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Ganduje, Sanusi and other monarchs


Alhaji Abdullahi Umar Ganduje

With a hasty dismissal of Abdullahi Umar Ganduje and Emir Sanusi Lamido Sanusi as victims of self-induced embroilment in a power tussle, we are denied vital lessons for national development. Again, there is the cynicism that Ganduje who is allegedly steeped in corruption, fecklessness and vendetta lacks the altruism that should underpin his dismantling of the Sanusi monarchy. But until Sanusi secures judicial validation, his royal influence remains vitiated as his centuries-old Kano emirate is split into five.

We must appropriate the development in Kano State as an opportunity to assess once again the relevance of the traditional institution to contemporary existence. In Nigeria, like some other parts of the world, communities at inchoate stages of development where they lacked defined institutions for cohesion might have had a need for traditional rulers. But with the development of great institutions for self-regulation, Nigeria does not need the traditional institution.

However, there is always the counter that even in developed Britain, there is a flourishing monarchy. But the ready riposte to this is that even in Britain, the monarchy is faced with an uncertain future. It could have been useful in the past when it was the bastion of colonialism.


Having played that iniquitous role that conduced to the advancement of Britain at the expense of colonised societies, it no longer has a place in the modern life of the citizens. Let the names of all national institutions in Britain be prefixed with “Royal, ” the British monarchy cannot predict its own fate after the exit of Queen Elizabeth. In Britain, there is one monarchy which is a national symbol of its past. This is unlike Nigeria where there is a rash of monarchies that are struggling to outdo themselves to attain national limelight. Britain cannot be our inspiration since it is not the most developed country in the world. Indeed, the advancement of Britain might have been disrupted by its struggle between its modern epoch and its fossilised era located in its monarchy.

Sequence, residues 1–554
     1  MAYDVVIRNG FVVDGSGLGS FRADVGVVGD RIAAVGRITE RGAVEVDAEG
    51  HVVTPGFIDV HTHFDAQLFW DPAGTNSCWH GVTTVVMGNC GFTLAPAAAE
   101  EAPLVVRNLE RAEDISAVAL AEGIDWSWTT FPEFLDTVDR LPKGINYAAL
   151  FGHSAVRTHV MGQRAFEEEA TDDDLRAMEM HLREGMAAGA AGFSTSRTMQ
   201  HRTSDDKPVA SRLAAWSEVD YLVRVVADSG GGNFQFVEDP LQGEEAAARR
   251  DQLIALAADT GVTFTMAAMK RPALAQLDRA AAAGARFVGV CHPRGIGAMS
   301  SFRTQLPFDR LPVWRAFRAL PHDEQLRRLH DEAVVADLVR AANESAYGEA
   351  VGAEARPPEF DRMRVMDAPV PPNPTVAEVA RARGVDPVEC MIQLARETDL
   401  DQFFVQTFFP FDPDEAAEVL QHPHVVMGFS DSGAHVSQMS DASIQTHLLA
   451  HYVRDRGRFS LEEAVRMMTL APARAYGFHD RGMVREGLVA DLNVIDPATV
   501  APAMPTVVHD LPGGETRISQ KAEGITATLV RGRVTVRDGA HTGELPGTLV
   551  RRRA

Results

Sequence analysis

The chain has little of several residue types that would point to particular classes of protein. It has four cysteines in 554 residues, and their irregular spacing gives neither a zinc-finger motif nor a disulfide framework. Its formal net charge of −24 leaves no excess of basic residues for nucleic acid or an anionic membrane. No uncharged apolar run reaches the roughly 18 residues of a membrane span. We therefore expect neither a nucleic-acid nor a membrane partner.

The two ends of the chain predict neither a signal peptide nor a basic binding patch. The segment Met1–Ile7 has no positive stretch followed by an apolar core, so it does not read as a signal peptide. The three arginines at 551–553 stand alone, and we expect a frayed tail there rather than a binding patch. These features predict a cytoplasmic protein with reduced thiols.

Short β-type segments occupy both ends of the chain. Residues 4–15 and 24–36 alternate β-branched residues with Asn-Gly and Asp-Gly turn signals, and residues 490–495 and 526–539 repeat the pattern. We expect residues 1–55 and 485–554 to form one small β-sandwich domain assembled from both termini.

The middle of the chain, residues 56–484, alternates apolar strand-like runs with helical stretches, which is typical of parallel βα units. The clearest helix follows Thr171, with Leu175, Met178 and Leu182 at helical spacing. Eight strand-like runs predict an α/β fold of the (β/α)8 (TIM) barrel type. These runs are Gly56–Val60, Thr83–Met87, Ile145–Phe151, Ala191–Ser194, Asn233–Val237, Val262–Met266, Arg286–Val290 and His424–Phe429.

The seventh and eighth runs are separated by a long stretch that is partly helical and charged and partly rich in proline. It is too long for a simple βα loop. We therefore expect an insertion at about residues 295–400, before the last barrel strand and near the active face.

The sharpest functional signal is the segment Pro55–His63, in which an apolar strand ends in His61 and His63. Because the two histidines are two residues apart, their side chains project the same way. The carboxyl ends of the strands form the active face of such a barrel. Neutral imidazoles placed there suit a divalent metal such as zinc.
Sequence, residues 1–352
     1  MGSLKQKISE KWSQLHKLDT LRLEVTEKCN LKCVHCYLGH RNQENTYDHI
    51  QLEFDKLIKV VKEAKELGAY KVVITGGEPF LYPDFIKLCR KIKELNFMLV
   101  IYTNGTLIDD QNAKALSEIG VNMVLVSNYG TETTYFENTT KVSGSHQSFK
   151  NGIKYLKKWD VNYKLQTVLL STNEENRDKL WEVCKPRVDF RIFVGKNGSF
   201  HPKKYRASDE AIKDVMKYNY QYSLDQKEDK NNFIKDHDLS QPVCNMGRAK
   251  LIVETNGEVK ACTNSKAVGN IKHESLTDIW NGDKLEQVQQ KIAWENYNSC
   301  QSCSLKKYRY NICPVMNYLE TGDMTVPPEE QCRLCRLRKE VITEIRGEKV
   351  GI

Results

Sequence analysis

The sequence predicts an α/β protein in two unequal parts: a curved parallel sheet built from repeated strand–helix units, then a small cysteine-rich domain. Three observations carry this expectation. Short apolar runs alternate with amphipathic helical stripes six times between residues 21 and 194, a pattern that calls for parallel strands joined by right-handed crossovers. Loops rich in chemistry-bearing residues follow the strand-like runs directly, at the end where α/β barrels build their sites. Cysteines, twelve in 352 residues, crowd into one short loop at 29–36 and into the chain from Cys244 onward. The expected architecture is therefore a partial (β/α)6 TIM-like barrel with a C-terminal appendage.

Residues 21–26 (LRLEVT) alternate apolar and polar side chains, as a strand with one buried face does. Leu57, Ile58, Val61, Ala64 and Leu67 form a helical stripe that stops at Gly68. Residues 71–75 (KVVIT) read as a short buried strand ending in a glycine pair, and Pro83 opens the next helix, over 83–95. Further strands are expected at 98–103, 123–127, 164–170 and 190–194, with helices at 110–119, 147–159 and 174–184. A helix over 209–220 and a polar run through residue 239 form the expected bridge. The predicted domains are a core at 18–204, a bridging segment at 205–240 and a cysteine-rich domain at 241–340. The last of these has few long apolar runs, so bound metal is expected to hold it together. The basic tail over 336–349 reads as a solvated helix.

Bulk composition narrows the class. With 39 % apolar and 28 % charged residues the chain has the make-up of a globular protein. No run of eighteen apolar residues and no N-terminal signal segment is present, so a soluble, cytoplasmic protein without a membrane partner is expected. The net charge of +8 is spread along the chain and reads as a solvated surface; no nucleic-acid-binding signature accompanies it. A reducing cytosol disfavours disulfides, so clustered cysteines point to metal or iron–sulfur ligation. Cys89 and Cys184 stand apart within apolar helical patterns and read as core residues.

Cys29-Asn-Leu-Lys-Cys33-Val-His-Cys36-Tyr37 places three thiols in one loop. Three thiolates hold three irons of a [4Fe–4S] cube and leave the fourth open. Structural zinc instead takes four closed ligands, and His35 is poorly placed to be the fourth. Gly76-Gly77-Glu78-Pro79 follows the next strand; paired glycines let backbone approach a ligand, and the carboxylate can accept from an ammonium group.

Again, there is the counter that today’s traditional rulers in Nigeria are highly educated. We are told that some of them are even professors. But we must insist that their education does not validate their existence. Their education does not stop them from adding under-aged girls to their harems. No wonder they cannot stop this plague in their communities. Indeed, the men who are prising these teenagers from the bosoms of their mothers are drawing their inspiration from them. Most of these professors who are fixated on their narrow disciplines are ready to defend a misbegotten system because they benefit from it. Again, being a professor does not automatically confer on one altruism. It is the same professors who fail to live up to moral expectations in their dealings with students and handling of official funds. It is the same professors who come to public office and get smudged with sleaze like barely educated politicians. How do we expect professors who would argue that the northern part of Nigeria is more qualified to get the benefits of oil resources because the oil in the Niger Delta flows from the north to repudiate the traditional institution?